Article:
McALLEN — Candidates for two hotly contested races made their case Thursday before the Rio Grande Valley Builders Association for their candidacy ahead of the March primary elections.
Four candidates, two running for Hidalgo County Sheriff and two running for District 41 State Representative, participated in a candidate forum hosted by the association.
Hidalgo County Sheriff J.E. “Eddie” Guerra and one of his challengers, Frank Guerrero, participated in the event, addressing issues of overcrowding, response times and crime rates.
Overcrowding and their response time were two of the three main priorities for Guerra who listed providing mental health services to detainees as the third priority.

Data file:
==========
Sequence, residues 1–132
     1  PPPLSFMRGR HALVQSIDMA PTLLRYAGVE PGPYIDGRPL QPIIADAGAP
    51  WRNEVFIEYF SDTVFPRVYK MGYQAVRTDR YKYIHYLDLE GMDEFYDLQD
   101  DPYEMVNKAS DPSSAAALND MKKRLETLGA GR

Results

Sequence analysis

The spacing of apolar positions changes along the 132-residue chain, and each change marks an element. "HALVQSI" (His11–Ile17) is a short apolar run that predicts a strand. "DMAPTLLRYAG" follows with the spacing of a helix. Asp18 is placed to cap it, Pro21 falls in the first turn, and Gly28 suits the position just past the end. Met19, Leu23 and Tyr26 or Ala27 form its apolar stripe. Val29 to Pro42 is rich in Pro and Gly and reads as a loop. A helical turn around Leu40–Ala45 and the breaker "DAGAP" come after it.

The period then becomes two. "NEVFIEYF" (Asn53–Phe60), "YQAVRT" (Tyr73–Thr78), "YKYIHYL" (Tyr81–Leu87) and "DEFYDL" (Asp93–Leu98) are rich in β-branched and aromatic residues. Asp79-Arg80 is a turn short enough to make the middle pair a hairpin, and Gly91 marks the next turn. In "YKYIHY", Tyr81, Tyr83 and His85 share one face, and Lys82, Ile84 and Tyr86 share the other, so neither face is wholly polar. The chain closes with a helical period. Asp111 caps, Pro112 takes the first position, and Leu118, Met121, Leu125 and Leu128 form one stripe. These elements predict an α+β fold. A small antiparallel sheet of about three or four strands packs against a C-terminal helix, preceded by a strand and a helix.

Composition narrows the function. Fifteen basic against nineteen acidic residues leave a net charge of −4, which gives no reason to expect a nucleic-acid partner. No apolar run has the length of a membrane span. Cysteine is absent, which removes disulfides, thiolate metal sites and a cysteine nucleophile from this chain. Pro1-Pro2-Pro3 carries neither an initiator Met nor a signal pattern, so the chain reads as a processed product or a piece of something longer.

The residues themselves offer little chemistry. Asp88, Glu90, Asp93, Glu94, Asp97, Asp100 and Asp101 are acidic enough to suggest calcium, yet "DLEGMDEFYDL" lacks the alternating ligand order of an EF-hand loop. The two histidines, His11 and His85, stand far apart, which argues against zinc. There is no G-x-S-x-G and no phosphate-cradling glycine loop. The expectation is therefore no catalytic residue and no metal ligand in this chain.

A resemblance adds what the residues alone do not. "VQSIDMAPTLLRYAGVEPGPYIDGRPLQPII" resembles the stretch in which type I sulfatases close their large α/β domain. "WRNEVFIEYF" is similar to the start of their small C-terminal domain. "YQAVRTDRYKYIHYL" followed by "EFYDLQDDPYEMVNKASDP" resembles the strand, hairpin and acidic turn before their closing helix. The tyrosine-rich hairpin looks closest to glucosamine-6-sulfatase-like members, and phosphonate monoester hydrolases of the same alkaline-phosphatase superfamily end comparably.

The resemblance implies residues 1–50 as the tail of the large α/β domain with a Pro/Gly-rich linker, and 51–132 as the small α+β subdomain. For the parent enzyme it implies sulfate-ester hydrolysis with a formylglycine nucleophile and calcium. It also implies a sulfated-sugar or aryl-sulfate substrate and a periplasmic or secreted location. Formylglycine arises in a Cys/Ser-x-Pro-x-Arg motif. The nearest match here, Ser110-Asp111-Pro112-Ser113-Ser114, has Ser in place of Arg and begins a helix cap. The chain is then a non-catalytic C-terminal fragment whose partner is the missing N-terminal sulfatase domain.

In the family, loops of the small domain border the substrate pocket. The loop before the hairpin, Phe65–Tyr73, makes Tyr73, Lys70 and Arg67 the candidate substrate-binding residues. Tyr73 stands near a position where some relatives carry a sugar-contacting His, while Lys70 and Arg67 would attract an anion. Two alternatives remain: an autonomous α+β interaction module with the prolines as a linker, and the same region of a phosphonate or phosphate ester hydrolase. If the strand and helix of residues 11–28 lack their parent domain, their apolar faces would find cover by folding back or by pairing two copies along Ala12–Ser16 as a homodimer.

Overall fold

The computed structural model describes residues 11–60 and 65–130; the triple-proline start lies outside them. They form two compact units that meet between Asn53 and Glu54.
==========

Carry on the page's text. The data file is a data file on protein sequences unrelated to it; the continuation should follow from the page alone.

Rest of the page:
Guerrero said were he to be elected, his top three priorities would be accessibility and education to the community so they can understand what the sheriff’s office does.
His second priority would be morale and leadership in the sheriff’s office, while the third would be to have more women in leadership roles in the sheriff’s office.
To address overcrowding, Guerra said he’s working with the county government on solutions which he said he couldn’t divulge.
Guerrero noted he previously managed a federal facility and said that to address overcrowding, they needed to work with detention officers, bonding companies and judges to process the cases faster.
Regarding response times, Guerrero said they needed feedback from the community to identify where problems are happening and have more boots on the ground.